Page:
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Solar Impulse, a zero-fuel aircraft powered entirely by the sun, has set off from New York to cross the Atlantic on its trip around the world.

The pilot, Bertrand Piccard, will attempt to reach Seville in Spain in about four days.

The UN’s top climate change official Christiana Figueres congratulated the Solar Impulse team, which includes the pilot André Borschberg, in flying the aircraft to circumnavigate the globe.

Alluding to Solar Impulse and the potential of solar energy to replace the bulk of polluting fossil fuels world-wide, the UNFCCC Executive Secretary said:

Solar Impulse is breaking through self-imposed barriers of possibility. We did not think before that it would be possible to traverse long distances with zero emissions in any flying vehicle. The fact that the two pilots have proven that this is possible, the fact that they are up in the air again and finishing the around the world flight they initiated proves that impossible is not a fact, it is an attitude.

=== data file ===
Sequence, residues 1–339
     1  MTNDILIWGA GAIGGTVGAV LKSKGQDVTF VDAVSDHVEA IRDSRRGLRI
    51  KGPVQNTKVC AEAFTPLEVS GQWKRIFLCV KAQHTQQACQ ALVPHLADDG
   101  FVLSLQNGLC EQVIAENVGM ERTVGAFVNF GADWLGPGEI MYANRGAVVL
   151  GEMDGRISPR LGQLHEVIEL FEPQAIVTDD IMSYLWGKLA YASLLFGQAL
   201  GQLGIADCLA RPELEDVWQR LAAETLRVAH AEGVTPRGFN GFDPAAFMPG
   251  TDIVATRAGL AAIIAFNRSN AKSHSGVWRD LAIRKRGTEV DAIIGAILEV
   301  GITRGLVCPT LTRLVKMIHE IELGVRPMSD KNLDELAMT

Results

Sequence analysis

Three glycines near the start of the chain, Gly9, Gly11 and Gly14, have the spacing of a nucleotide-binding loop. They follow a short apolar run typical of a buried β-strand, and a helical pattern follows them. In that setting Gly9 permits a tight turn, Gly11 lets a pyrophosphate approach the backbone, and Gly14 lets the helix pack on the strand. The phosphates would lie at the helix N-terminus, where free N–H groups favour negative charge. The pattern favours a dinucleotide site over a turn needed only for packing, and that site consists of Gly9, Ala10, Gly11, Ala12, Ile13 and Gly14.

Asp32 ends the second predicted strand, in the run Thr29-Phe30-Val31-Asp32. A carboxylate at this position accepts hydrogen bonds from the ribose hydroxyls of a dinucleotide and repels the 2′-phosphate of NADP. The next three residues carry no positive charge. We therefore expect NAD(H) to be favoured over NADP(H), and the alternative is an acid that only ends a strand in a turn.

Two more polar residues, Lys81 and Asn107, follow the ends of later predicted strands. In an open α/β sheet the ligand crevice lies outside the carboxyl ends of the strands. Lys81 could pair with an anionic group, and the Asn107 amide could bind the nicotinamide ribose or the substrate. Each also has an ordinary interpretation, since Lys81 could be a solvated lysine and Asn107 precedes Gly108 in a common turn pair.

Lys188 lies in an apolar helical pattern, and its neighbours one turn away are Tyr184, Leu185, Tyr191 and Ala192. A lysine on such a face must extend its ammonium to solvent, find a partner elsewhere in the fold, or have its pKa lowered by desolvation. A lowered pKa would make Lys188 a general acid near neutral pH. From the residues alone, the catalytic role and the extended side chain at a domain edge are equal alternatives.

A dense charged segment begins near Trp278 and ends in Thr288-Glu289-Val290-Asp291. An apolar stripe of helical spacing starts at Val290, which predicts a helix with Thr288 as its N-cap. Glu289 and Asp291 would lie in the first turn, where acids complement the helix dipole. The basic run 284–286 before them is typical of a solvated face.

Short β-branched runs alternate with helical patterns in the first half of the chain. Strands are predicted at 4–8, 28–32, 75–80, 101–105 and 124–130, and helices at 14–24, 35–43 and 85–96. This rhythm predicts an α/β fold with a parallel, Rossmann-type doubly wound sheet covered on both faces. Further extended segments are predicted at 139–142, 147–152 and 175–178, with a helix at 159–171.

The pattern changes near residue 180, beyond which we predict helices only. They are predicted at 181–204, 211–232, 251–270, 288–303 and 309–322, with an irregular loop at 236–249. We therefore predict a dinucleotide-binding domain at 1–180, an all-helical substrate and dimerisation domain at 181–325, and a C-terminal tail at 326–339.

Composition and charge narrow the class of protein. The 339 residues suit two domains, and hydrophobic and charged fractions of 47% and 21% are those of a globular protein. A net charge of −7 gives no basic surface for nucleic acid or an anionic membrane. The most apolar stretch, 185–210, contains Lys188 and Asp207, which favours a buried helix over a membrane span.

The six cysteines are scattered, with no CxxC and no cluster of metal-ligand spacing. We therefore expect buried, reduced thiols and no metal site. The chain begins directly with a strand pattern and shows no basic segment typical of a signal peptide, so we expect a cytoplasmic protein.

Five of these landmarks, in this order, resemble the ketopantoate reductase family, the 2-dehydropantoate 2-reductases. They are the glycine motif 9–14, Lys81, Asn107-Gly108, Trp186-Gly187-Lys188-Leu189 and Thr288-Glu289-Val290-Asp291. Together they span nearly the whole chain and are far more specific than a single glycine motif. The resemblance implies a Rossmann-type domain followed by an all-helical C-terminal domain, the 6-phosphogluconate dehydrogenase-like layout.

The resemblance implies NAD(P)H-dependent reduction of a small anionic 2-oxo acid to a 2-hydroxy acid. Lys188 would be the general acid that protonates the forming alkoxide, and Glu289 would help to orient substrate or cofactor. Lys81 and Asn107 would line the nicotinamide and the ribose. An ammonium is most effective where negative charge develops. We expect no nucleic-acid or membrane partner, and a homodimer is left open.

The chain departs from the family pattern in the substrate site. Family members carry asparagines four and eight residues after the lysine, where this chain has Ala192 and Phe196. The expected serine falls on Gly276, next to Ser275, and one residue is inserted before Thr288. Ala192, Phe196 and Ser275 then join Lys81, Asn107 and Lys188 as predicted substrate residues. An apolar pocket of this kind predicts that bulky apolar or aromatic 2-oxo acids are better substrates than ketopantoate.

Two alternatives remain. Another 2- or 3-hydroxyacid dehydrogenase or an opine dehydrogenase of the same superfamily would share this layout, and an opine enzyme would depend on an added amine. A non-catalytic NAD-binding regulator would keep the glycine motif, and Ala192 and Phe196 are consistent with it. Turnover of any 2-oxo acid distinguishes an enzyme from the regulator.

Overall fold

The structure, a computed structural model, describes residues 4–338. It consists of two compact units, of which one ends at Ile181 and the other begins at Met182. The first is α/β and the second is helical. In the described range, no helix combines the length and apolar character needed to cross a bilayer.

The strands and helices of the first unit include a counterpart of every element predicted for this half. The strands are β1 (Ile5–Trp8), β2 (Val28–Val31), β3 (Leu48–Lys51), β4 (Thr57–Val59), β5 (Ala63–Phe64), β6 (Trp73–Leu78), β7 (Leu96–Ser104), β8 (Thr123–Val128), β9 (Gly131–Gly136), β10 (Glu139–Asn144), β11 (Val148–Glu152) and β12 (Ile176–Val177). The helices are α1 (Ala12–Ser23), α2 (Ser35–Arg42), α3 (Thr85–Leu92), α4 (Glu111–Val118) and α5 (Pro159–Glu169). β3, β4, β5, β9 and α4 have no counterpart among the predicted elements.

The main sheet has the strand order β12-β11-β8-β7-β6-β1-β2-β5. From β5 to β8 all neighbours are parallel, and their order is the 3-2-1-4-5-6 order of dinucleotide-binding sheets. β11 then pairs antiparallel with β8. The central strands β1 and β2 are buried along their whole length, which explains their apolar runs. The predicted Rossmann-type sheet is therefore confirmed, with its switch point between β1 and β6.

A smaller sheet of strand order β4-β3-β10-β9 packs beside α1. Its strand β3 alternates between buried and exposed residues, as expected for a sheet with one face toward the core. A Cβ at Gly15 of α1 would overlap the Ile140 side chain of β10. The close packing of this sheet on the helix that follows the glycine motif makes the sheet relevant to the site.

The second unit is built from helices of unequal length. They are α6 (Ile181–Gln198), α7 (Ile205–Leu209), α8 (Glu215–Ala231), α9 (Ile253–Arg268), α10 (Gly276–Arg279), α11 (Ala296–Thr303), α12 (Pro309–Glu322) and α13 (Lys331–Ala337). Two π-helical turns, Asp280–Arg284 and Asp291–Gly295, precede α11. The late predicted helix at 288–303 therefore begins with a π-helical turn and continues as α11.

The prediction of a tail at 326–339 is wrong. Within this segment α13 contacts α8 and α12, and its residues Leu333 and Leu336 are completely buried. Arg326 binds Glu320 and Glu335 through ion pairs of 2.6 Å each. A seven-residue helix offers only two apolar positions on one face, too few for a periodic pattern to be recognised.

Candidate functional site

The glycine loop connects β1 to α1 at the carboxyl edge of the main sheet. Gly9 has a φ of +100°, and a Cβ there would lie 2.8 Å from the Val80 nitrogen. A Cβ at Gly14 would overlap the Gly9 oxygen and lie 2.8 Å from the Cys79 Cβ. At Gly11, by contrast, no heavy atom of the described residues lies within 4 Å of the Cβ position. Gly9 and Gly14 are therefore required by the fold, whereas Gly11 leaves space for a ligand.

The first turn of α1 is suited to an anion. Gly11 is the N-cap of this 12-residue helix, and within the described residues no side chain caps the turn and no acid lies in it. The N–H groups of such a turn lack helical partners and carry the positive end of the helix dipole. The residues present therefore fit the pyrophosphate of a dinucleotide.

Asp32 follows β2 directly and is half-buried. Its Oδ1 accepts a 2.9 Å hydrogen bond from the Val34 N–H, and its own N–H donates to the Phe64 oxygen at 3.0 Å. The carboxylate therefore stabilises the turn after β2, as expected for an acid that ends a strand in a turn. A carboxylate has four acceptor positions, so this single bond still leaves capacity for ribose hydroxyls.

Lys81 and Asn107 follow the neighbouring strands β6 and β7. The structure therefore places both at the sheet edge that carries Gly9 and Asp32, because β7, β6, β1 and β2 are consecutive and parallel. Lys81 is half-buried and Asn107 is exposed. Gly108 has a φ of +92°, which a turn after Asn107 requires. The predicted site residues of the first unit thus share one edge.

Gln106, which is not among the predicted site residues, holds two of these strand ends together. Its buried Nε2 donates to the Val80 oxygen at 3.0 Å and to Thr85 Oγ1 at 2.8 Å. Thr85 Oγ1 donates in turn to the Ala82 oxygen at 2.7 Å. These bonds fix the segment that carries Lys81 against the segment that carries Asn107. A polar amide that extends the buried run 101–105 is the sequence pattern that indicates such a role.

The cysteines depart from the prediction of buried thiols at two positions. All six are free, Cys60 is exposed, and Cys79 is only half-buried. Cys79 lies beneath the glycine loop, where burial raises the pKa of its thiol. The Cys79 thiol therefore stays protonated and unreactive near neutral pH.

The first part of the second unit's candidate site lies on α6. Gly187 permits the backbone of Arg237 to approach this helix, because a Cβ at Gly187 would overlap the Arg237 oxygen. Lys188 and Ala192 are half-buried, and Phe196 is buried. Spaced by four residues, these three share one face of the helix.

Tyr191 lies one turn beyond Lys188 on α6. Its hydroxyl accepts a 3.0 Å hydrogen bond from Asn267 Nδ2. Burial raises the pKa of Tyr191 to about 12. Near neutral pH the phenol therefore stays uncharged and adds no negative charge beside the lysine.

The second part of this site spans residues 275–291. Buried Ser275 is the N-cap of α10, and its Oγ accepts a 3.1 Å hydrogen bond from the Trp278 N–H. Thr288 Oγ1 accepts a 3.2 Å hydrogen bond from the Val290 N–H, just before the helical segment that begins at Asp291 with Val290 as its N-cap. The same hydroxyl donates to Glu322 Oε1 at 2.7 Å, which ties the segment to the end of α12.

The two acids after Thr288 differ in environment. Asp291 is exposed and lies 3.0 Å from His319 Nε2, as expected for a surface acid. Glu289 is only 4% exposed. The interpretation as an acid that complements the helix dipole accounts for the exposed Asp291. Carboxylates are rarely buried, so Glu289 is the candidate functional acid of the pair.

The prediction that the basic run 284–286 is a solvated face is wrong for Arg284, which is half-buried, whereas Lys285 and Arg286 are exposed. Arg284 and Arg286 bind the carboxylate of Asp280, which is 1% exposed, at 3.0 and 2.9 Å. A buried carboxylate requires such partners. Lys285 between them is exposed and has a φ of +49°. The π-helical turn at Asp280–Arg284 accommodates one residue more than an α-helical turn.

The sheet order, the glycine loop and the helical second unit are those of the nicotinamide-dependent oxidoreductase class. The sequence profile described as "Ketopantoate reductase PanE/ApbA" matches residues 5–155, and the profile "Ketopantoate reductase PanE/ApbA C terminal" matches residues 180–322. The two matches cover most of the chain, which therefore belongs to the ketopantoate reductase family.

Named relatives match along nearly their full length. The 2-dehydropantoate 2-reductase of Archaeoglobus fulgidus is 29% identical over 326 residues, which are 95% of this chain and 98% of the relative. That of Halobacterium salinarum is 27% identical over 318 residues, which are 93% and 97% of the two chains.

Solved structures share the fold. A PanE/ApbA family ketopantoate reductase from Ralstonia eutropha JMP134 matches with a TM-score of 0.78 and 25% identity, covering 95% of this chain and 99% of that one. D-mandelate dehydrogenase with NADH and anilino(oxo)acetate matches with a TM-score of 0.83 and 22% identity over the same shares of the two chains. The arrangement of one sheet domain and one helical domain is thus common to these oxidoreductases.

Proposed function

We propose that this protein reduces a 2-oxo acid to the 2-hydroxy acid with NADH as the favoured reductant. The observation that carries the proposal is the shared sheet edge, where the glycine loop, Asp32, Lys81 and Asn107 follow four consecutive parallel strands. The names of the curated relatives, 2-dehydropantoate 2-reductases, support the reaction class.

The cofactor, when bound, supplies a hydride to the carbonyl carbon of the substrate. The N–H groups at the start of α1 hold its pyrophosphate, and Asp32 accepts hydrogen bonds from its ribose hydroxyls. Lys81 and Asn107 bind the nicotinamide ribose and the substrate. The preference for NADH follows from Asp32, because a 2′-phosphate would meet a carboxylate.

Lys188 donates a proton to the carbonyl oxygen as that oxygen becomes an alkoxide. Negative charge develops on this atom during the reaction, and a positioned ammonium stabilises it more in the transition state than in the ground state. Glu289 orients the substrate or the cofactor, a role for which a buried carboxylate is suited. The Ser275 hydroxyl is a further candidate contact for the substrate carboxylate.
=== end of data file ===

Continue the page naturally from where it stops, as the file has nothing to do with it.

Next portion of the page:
A view of the back of the plane during the Atlantic crossing

Solar Impulse gets its energy from 17,000 photovoltaic cells that cover the top surfaces of the craft. These cells power propellers during the day, but also charge batteries that the vehicle's motors can then use during the night.

Bertrand Piccard and his team tried to circumnavigate the world last year, but the vehicle's batteries overheated during the trip, forcing the project to layover on the Pacific archipelago while repairs were conducted.

Assuming that the trip to Seville is completed successfully, the plane will return back to its point of departure, which is Abu Dhabi.

Read more in this article by the BBC

Photographs by Solar Impulse

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